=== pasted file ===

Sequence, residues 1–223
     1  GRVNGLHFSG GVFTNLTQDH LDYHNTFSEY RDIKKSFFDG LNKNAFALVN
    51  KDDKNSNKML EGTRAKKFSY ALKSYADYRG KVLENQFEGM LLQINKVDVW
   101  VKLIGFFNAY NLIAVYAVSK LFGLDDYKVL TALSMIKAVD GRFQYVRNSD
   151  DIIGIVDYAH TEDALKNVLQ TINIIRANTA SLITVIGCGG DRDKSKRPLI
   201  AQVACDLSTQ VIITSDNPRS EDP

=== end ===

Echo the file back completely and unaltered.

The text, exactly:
Sequence, residues 1–223
     1  GRVNGLHFSG GVFTNLTQDH LDYHNTFSEY RDIKKSFFDG LNKNAFALVN
    51  KDDKNSNKML EGTRAKKFSY ALKSYADYRG KVLENQFEGM LLQINKVDVW
   101  VKLIGFFNAY NLIAVYAVSK LFGLDDYKVL TALSMIKAVD GRFQYVRNSD
   151  DIIGIVDYAH TEDALKNVLQ TINIIRANTA SLITVIGCGG DRDKSKRPLI
   201  AQVACDLSTQ VIITSDNPRS EDP